Soper, a down-to-earth cook who describes herself as "the ironic chef," makes hers on the small side, anticipating that they'll double or even triple in size while they're cooking.
"Now that our parents are getting older, my sister has Passover at her house, anywhere from 15 to 25 people. Which is a lot of matzo balls," Soper said.
She likes her matzo balls light and fluffy, with a hint of seasoning for flavor. "It's important to cover them when they cook - that way they really cook through," she said. They also freeze well, a time-saver Soper appreciates, since she works full time.
At Short Hills Deli in Cherry Hill, N.J., Jerry Kaplan and his kitchen staff make matzo-ball soup from scratch year-round. But production soars during Passover; the kitchen makes as many as 1,000 matzo balls a day during the holiday.
"We called them knaydelach [Yiddish for "dumpling"] around our house. You never heard of matzo balls years ago," Kaplan said. He prefers a good-sized matzo ball - "a little smaller than a tennis ball."
For David Katz, chef/owner of Meme in Center City, no modern matzo ball can ever live up to his Aunt Selma's in Parsippany, N.J.
"My sister and I used to fight over them. She never put pieces of chicken in the soup - she grew up poor, so they always just used broth, and it stayed that way."
Katz hasn't strayed far from tradition at his own table. "My wife puts egg noodles in, and I use some fresh herbs. But that's it. I use the recipe from the Manischewitz box. And they always turn out."
Matzo balls come in two varieties, according to Neil Parish of the Kibitz Room in Cherry Hill, with a second location opening in Philadelphia in April. "Either light and fluffy, or sinkers," he said. "I prefer the sinkers. You need that texture so they don't fall apart in the soup."
The Kibitz Room serves a version that's a bit of both - "firm enough, but you don't have to cut them with a knife," he said. As for his recipe, the only thing Parish will say is that schmaltz [chicken or duck fat] and TLC are his secret ingredients.
At Fitzpatrick's in Somers Point, Bill Hurst delivers matzo balls that are lighter than most. "Our customers like them fluffy. And big - one ball per cup."
Fighting over the matzo balls is something Daniel Stern, chef/owner of MidAtlantic and R2L, can relate to. "It was my favorite part of the meal," said Stern, who still loves his mother's best. "I didn't eat gefilte fish, or hard-boiled eggs, so I'd be sitting there and sitting there [at the Seder], not eating anything waiting for the soup. It was a highlight."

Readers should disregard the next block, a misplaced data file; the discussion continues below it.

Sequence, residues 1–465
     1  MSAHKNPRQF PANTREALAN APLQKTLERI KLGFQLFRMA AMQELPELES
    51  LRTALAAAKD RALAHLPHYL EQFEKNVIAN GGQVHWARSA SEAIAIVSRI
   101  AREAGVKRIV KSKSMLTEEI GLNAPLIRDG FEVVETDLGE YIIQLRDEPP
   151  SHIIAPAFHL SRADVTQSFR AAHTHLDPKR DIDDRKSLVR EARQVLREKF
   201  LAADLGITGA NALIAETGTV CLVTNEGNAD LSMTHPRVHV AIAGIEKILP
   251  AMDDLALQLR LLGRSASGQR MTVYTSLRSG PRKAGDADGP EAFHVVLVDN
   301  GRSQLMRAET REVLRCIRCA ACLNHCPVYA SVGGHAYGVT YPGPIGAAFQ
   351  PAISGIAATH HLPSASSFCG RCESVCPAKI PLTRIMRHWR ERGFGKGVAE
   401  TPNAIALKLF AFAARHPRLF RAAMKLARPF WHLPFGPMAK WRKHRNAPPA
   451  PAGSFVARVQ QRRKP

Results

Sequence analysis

He's been toying with a few ingredient combinations lately but still hasn't improved on his mother's recipe.
Derek Davis knows from experience that there's such a thing as a matzo ball that's too hard. When the chef/owner of Derek's in Manayunk was 15, he worked at a Jewish deli/bagel bakery. He remembered playing baseball with the matzo balls and the long wooden paddles used to put bagel dough into the oven.
"We played six innings with the same matzo ball - now that's hard!"
For his own matzo balls, Davis also likes the Manischewitz mix. The only thing he does differently is separate the eggs and beat the egg whites until they're fluffy, then fold them into the dough for added lightness. "The key is not to overwork the dough," he said.
Davis likes to stick with tradition as far as ingredients go, except for a family twist to the soup. "My grandmother put chunks of yams into the chicken soup. They add a little sweetness and color to the broth."
Not everybody is married to tradition. Michael Solomonov, the inventive chef from Zahav in Society Hill, has been playing around with recipes for a while. He recently served cinnamon-paprika matzo balls in a bowl of roasted garlic consommé. "I think the key is schmaltz, using chicken fat instead of oil," he said.
To take that idea a bit further, he's been known to replace the schmaltz with rendered foie gras fat to add richness to the dumplings. "I think the matzo can be an interesting flavor vehicle," he said.